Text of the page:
Today, we present a guest post written by Jeffrey Frankel, Harpel Professor at Harvard’s Kennedy School of Government, and formerly a member of the White House Council of Economic Advisers.
One can’t blame the Financial Times for publishing an opinion piece by Wilbur Ross, if he is indeed a senior policy adviser to Donald Trump (“Trump campaign benefits from criticism of trade imbalances,” 29 August). It is hard to judge the Republican candidate’s positions from his own words, because of his famous “shoot from the lip” style. Does Trump really believe, for example, that American workers’ wages are too high, as he said in the Republican debates? Many had been waiting to see who his economic advisers would be, in part so that we could have clear and precise language by which to judge what are the candidate’s positions. The written statement in the FT is the first by any of them that I have seen.
So what does Ross say? His column is not economically literate or coherent. This judgement is not based on economic theories, but rather definitions and facts.
For example, he says three or four times that American productivity has fallen. It has not; it continues to rise.
Okay, what he means is the rate of productivity growth, which has indeed fallen since the turn of the century, and is indeed a problem. But what numbers does he choose to cite to measure the productivity slowdown? “During the 1970s growth in US unit labour costs was 6.8 per cent a year but it dropped…to 1.2 per cent so far this century.” What a bizarre thing to say! Growth in unit labor costs (ULC) equals the rate of wage increase minus the rate of productivity growth. Other things equal, the productivity slowdown would show up as a higher rate of increase in ULC, not lower. Does he know that higher ULC is usually considered a bad thing (by hurting competitiveness)? Is he trying to say something about wages, and if so, what? Is he agreeing with Trump’s statement about wages being too high or not? It is impossible to tell.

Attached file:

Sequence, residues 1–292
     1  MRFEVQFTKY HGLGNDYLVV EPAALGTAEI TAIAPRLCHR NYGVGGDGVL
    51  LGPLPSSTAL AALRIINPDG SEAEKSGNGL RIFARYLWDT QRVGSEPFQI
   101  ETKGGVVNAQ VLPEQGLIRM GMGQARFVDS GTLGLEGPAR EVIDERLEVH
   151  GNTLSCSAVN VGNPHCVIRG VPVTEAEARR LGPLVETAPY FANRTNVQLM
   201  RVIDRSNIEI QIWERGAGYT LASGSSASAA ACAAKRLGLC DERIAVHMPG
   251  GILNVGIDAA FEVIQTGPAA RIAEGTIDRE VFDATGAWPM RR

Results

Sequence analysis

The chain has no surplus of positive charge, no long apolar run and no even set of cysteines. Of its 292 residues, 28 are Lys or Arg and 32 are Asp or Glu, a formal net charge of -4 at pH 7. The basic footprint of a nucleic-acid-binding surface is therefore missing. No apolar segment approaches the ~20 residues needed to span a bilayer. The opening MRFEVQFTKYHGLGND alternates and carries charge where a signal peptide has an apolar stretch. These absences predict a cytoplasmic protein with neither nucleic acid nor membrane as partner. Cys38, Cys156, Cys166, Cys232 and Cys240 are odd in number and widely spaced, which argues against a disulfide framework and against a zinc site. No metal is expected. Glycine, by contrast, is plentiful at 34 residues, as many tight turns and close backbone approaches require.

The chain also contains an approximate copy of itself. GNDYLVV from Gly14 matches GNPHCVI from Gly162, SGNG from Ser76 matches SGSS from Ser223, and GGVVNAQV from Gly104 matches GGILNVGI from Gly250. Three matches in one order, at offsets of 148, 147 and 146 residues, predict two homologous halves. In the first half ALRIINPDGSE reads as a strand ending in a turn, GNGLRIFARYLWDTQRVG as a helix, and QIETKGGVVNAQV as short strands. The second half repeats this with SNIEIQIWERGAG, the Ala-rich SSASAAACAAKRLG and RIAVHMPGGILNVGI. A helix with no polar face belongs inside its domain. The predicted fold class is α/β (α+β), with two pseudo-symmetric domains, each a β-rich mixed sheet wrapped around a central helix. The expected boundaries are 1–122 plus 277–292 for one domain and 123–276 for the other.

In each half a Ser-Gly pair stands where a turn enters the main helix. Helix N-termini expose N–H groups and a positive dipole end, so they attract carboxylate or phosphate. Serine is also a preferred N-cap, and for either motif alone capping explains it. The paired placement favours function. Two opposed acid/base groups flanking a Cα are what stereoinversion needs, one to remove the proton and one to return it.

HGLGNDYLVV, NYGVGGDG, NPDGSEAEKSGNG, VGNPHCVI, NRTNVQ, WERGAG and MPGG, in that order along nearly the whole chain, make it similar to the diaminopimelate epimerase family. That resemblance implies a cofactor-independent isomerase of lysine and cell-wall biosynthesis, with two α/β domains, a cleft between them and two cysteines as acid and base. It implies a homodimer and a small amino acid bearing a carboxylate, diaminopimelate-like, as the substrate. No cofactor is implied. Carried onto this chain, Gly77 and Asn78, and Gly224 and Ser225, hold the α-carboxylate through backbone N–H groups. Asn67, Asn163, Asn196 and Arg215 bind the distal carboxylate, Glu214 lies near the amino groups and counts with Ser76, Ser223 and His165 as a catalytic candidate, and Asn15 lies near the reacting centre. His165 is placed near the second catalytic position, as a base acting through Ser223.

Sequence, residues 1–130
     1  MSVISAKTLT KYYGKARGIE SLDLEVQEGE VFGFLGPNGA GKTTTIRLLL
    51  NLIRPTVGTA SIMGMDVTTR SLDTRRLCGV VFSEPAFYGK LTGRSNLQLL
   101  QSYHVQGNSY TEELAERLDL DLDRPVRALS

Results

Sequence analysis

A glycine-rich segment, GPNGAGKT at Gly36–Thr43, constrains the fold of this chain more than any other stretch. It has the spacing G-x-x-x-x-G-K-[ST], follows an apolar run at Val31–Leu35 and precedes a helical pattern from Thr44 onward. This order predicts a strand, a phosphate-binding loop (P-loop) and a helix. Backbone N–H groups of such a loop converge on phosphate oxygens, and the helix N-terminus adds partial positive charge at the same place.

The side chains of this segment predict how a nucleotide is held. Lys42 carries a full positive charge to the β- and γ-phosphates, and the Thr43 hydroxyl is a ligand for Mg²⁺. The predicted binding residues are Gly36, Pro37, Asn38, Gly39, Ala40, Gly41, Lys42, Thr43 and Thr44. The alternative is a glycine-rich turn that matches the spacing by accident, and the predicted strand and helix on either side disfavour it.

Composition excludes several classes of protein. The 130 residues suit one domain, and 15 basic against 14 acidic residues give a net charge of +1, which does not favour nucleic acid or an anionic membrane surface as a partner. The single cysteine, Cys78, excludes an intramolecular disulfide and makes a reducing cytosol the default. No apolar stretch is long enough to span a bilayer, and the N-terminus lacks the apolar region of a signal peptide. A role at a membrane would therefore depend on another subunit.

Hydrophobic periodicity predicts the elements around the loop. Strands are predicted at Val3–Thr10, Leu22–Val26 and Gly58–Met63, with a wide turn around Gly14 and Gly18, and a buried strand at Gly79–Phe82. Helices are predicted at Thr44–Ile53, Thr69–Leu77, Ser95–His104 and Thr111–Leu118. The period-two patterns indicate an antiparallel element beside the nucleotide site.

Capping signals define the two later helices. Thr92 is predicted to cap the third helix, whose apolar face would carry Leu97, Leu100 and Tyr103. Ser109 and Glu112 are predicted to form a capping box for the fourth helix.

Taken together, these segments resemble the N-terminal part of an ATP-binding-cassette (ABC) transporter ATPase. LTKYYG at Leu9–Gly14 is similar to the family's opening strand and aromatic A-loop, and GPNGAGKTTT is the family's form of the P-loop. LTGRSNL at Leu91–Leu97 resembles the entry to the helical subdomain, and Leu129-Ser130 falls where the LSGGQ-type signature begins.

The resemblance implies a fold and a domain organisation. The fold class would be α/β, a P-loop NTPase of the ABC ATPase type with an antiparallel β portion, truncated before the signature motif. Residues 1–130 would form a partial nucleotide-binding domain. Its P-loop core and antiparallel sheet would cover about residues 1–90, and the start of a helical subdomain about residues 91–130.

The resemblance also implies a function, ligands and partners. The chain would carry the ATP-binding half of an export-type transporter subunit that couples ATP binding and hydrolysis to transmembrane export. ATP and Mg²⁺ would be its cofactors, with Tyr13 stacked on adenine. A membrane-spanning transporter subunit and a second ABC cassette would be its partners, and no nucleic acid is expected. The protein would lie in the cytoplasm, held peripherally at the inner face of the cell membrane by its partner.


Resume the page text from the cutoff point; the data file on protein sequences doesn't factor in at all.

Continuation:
There are other mistakes as well. For example, the continent of Europe does not “run massive and chronic trade deficits.” To the contrary, it runs trade surpluses. He seems to imply manufacturing employment shares in Germany and Japan have not declined. They have. And so on.
It appears that definitions, logic and facts are no more important to Trump’s adviser than to the candidate himself.
This post written by Jeffrey Frankel.